There are so many—Alia Bhatt, Varun Dhawan, Vijay Varma, Pankaj Tripathi and even slightly senior artistes like Kangana Ranaut and Manoj Bajpayee. In fact, I would rate Kangana as the finest actress this side of Nargis and Nutan!! But my all-time favorites are Govinda and Shah Rukh Khan!

Not your dad?

(Smiles) Yes, but for me, he has been primarily a father!

How many films of your mom, Yogeeta Bali, have you watched, because she retired in the 1980s?

I have watched some, though she is embarrassed about the few movies she did with dad among the later ones!

Both your brother and you are known as Mithun’s sons, not Yogeeta Bali’s as well. Why is that?

Yes, I am Yogeeta Bali’s son. But my mom retired 38 years ago, and started work in the 1970s at the age of 14. She has steadfastly refused offers after we shifted base back to Mumbai from Ooty, stating that she was completely busy looking after four children and 11 dogs—all 15 were her kids, she told producers!

So that’s probably the reason why we are known as our father’s sons, unlike Esha Deol, Janhvi Kapoor or Sara Ali Khan. But the fact that some people tell me that I look more like my mother is enough for me! (Smiles again)

That reminds me—her aunt, Geeta Bali, is also a legend and was one of the most versatile actresses from olden times.

Yes. I wish I had met Geeta aunty!

How ambitious are you? Right now, are you having any pressures?

An actor should keep his horizons open, and I am ready to play even a woman if I have to. Today, the demand is not just for a good actor but an interesting actor—look at Pankaj Tripathi or Manoj Bajpayee.

For a newcomer, there is no pressure of the box-office, just a pressure to do better work. Look at the variety in my dad’s films—if he was a disco dancer, he also played Krishnan Iyer in Agneepath, Ramakrishna Paramhans and Jallad. Yes, audiences do expect too much from a star kid, but the legacy is also a privilege, as it comes with so much goodwill.

Yes, because many big names are tweeting about you already.

I am very grateful to them all—among them is the original He-Man, Dharmendra-ji, Amitabh Bachchan-ji, Salman Khan, Suniel (Shetty) uncle, Farah Khan, Karan Johar and others.



When did you realize you were born to celebrity parents?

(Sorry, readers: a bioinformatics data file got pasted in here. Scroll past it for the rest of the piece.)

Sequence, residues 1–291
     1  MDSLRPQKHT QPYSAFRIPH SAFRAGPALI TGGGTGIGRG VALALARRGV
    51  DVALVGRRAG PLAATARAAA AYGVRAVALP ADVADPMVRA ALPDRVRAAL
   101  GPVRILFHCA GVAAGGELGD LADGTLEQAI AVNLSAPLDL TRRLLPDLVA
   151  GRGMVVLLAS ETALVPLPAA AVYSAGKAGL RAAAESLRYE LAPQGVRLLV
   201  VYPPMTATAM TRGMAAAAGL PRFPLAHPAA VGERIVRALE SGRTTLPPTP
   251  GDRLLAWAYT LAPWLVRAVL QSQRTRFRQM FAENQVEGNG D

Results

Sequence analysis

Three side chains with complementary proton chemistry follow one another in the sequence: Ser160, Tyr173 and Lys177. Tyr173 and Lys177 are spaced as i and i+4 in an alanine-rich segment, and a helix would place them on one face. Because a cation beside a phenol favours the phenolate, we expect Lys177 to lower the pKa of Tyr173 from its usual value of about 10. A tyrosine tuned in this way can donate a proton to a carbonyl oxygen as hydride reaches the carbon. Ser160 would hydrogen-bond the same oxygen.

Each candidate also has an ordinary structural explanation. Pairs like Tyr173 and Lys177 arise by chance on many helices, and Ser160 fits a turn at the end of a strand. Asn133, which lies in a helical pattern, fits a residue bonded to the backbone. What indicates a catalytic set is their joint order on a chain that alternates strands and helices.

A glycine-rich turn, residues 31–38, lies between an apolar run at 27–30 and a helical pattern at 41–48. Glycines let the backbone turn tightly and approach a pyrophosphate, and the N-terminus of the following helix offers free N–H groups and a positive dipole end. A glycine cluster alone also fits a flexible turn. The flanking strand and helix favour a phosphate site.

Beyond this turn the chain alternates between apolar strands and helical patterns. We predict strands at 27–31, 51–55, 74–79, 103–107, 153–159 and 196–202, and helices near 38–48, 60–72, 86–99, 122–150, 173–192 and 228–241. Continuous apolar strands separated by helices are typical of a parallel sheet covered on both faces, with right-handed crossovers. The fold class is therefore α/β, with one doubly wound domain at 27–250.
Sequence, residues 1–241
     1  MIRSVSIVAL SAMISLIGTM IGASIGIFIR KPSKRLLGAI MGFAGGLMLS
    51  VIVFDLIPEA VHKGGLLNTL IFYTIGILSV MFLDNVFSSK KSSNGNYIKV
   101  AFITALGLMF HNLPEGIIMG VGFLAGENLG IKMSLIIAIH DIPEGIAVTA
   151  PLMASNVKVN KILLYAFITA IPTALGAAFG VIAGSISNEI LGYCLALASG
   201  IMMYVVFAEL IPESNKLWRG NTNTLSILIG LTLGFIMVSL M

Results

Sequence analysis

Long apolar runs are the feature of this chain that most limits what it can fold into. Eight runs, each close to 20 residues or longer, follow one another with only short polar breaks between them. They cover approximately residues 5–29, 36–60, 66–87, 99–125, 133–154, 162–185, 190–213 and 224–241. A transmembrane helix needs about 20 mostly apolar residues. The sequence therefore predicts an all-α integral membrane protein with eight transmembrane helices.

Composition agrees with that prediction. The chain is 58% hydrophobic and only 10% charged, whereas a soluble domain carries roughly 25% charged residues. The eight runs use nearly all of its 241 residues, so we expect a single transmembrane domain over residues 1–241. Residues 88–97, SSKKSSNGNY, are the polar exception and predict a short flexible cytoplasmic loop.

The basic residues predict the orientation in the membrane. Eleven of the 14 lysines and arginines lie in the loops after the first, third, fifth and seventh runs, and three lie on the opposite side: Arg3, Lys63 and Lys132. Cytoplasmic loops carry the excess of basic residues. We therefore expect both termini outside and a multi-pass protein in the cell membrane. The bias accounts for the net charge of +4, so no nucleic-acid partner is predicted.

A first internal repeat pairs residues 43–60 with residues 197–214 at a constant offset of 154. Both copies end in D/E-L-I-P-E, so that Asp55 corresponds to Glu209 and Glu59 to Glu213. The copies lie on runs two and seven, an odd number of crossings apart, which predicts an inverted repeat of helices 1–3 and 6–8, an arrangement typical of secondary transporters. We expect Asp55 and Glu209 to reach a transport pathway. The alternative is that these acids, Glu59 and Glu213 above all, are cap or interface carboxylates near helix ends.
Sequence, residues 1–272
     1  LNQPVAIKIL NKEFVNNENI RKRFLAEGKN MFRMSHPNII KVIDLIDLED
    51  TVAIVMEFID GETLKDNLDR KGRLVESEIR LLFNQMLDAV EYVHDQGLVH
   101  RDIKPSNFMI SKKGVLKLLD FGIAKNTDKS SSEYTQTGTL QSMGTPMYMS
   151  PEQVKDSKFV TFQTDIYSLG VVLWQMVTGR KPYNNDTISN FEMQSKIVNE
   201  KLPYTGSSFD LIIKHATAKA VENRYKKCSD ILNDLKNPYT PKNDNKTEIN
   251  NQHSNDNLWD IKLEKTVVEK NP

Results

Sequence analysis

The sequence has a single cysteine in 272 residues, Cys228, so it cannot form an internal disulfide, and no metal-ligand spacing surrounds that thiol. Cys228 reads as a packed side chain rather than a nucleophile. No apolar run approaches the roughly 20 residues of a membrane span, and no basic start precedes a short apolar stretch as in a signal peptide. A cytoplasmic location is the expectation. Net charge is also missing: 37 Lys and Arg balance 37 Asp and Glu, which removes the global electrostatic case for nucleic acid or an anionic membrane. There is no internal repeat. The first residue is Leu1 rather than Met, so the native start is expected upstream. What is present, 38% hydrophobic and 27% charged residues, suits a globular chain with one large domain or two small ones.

In Ooty, where we had our hotel, my father would face crowds of fans, people who wanted to touch him, and I knew he must be someone special! Before that, I would see him in different costumes every time and think in my childish, simplistic way that he was getting fired from every job all the time!

Any advice your parents have given you about your chosen career?

Yes, my dad just said that since I have decided to be an actor, I should be prepared for everything that comes my way. I have no agency or PR pushing me 365 days, and now that I am fortunate to get a film, I must focus on working on my craft. My mother is more emotional and protective, but dad is very practical, as he has gone through so much of struggle. He keeps giving me reality checks all the time. He also said that if you are the chosen one among 140 crore Indians, you have to do well, as the journey will not be easy.

Other than singing in one film, Ilaaka, your father has strictly remained an actor in cinema. Of course, most actors, even your father, have been producers, but do you plan to do anything else that is creative, like direction, writing or anything else?

I would like to say this I am also a writer. Plan A is acting for me, but I definitely would like to write scripts as I think that I have a knack for it.

What do you have to say about cinema and writing today?

I think that all the blockbusters reflect the good old style of cinema writing, and we need better writers.

Many of your father’s generation have said good things about you on social media?

I can only be grateful to them all: the greatest He-Man, Dharmendra-ji, Amitabh Bachchan-ji, Salman Khan, Suniel uncle, Farah Khan, Karan Johar, others as well…it’s all my parents’ goodwill.